Increased Risk of Bicycle Accident in Pediatric Patients with Attention Deficit Hyperactivity Disorder (ADHD)
Areg Grigorian, MD; Jeffry Nahmias, MD; Brian Sheehan, MD; Matthew Dolich, MD; Sebastian Schubl, MD; Cristobal Barrios, MD; Michael Lekawa, MD
University of California, Irvine, Department of Surgery, Orange, CA
Background: The prevalence of attention-deficit hyperactivity disorder (ADHD) in the general pediatric population is 7% whereas the prevalence in trauma and their propensity towards specific mechanisms of injury (MOI) are unknown. We hypothesized pediatric patients with ADHD would have a higher risk of involvement in MOI requiring need for constant attention to surroundings, such as a bicycle collision.
Methods: The pediatric TQIP (2014-2016) was queried for patients with ADHD. Patients<16 years with ADHD were compared to those without ADHD. Those in a motor vehicle accident (MVA) were compared to other MOI. The reference group of MVA served as a baseline for the general prevalence of ADHD in our study population (patients would be passengers).
Results: The prevalence of ADHD was 2.5% (2,866). ADHD-patients were older (mean, 12 vs. 7 years, p<0.001) with more males (80.9% vs. 62.5%, p<0.001). ADHD-patients had higher risk for bicycle accident (OR=1.63, CI=1.35-1.95, p<0.001), lower risk for fall (OR=0.49, CI=0.43-0.56, p<0.001) and no difference in penetrating MOI (p>0.05). ADHD-bicyclists were less likely to wear a helmet (9.4% vs. 18.2%, p=0.003) and had a higher rate of traumatic brain injury (TBI) (55.6% vs. 39.7%), compared to non-ADHD-bicyclists.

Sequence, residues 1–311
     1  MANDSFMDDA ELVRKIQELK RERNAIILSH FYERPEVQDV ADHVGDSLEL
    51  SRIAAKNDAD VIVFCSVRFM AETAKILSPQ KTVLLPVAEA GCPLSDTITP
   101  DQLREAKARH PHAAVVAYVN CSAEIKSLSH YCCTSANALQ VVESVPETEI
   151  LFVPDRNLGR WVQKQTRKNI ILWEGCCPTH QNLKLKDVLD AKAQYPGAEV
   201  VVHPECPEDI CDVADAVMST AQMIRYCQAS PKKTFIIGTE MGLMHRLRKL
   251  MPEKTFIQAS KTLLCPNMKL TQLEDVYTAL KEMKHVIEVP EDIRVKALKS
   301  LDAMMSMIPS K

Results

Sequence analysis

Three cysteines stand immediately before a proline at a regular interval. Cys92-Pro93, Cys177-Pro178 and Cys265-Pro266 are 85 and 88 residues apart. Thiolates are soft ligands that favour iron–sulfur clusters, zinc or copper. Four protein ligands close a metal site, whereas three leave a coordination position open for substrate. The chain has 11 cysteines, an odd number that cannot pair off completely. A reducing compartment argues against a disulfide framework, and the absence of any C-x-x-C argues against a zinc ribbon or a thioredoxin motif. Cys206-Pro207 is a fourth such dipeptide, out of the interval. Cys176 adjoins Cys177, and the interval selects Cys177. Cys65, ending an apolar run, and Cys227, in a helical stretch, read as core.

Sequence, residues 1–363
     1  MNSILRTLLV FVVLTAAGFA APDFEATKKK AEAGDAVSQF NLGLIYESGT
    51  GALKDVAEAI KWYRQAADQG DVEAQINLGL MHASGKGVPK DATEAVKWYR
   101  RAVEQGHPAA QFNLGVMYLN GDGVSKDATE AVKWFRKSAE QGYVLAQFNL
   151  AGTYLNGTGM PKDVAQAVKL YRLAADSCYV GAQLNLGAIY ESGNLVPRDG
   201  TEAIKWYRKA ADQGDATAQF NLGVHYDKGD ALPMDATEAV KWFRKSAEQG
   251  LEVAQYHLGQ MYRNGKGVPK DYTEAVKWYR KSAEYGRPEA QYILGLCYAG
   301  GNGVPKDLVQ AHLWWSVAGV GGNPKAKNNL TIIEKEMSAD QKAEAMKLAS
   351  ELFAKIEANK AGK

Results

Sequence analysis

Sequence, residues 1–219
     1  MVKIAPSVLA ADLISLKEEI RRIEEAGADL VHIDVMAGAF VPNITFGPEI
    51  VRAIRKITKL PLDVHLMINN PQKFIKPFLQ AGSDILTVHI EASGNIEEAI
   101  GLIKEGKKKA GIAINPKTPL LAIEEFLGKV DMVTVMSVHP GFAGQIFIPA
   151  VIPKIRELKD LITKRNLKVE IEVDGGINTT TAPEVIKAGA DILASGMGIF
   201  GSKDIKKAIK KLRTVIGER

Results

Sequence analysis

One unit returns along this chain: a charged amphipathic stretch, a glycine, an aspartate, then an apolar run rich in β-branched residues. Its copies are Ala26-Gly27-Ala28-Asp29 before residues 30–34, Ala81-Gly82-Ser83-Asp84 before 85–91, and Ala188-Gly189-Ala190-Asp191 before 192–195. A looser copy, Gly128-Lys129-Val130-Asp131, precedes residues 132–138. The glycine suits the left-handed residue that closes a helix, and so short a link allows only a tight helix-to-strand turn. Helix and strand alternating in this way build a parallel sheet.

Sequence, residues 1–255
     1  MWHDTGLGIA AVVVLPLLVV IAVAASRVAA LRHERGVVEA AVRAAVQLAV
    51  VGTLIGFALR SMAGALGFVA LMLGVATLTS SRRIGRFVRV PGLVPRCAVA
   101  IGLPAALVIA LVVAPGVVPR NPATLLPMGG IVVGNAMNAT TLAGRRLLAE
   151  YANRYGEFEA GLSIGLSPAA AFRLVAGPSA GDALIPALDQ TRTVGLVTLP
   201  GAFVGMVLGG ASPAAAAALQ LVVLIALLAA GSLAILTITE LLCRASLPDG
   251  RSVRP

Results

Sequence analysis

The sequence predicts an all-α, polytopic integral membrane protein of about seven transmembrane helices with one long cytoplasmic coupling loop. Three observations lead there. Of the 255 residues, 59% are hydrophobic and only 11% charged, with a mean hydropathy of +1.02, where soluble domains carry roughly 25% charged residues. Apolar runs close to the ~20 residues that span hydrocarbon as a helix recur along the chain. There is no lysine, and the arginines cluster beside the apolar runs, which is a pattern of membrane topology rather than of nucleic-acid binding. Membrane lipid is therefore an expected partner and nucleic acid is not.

Conclusions: Pediatric ADHD-patients have a 60% higher risk to be involved in a bicycle accident. ADHD-patients that are involved in a bicycle accident are less likely to wear a helmet and have a higher rate of TBI. Increased public awareness, education and supervision of this at-risk population may help reduce the risk of pediatric bicycle accidents leading to TBI.
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